Host your own: Burns NightPosted on: 19 January 2011 by Rhian Mainwaring
End your January in style by hosting your very own Burns night. Get your mates round on the 25th January to eat haggis, drink whiskey and be merry!
Burns Nights can range from an informal gathering with friends to a lavish formal event, with pipers, speakers and a four course meal. We've put together what makes a traditional itinerary, which you can use to put together your own night in honour of Rabbie (scottish accent!) Burns.
Piping in the guests
Hate the sound of bagpipes? Well take cover, because the 25th January is pipers heaven. Traditionally a piper will pipe in the guests to the event and hang around for much of the night, often piping in the haggis, the whiskey, the cheese board...
The Chairman’s welcome
The host of the event introduces the guests and welcomes in the festivities.
The Selkirk Grace
A speaker reads this short toast-like poem to welcome in the meal and start off the festivities
Some hae meat and canna eat
And some wad eat that want it,
But er have meat and we can eat,
And sae the Lord be thankit.
This is the traditional menu and while Burns Night is all about the Haggis it can be served as a small starter or a vegetarian option if it isn't really your cup of tea. Hearty mains could replace the haggis like a stew, steak and ale pie or a roast dinner.
A creamy leek soup is the preferred starter and you can find a recipe here.
Haggis neeps (turnips) and tatties (potatoes)
No need to make the Haggis yourself as you can ask your butcher to rustle you one up. Turnips and tatties are traditionally served mashed and the Haggis is piped in (again!).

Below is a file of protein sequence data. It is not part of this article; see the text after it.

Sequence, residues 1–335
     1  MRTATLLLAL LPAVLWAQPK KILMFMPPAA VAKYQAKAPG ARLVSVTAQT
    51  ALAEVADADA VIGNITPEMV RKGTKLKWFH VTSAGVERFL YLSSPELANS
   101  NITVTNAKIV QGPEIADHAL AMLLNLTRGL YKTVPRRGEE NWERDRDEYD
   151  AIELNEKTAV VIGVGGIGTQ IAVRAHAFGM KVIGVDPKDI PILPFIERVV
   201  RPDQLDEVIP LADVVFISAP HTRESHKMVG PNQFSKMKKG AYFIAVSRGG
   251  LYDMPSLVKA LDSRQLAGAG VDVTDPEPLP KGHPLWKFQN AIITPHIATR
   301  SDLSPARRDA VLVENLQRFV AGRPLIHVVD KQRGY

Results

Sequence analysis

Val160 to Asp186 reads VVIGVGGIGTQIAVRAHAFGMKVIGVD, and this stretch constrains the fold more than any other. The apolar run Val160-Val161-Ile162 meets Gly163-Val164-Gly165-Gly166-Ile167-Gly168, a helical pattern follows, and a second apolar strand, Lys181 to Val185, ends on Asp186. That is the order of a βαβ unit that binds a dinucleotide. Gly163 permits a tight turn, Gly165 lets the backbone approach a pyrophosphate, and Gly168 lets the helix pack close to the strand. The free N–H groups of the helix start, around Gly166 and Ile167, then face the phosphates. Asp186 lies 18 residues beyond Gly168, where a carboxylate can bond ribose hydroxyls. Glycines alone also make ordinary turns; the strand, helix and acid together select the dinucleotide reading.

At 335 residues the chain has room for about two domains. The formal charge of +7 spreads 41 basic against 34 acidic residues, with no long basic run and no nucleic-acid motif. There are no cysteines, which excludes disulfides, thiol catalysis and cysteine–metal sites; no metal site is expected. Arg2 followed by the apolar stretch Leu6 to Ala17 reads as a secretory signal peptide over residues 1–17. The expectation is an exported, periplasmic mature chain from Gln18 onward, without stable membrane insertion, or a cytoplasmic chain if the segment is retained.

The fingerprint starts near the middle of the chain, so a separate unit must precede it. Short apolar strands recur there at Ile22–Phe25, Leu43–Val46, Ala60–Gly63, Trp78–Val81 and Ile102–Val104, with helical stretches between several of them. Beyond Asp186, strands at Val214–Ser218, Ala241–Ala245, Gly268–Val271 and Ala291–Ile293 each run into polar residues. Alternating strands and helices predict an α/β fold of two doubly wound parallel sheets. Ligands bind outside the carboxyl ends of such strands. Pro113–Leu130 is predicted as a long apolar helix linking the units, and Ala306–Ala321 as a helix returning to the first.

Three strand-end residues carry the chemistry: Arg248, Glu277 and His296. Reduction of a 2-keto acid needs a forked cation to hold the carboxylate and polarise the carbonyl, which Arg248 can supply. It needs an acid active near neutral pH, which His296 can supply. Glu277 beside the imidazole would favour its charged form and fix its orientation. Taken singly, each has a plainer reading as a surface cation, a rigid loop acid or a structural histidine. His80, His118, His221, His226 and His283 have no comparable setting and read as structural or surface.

It's a heavy fruitcake like mixture boiled in a cloth and often served with custard. If you think this might be too much for your guests then a lighter dessert might be preferable.
To finish off the meal a cheeseboard is great to nibble on with your whiskey. Check out this site for the best Scottish cheeses to accompany your Burns Night!
Parties usually centre on speeches and toasts, thanking the chefs and guests as well as reading Robert Burns poetry or regaling stories of his life. There are hundreds of sites dedicated to Burns' poetry, but this is a good place to start with the Address to a Haggis.
It's no surprise that tartan is in abundance over Burns night, party packs has some great decorations for a Burns night supper.
Auld Lang Syne
It wouldn't be Burns Night without a drunken rendition of Aud Lang Syne, you can find the full version here so you can get past the first verse!
Will you be hosting your own Burns Night? Or do you go to an event each year? Whatever you're doing for Burns Night , don't forget to read some poetry, slice open a haggis and wear some tartan!
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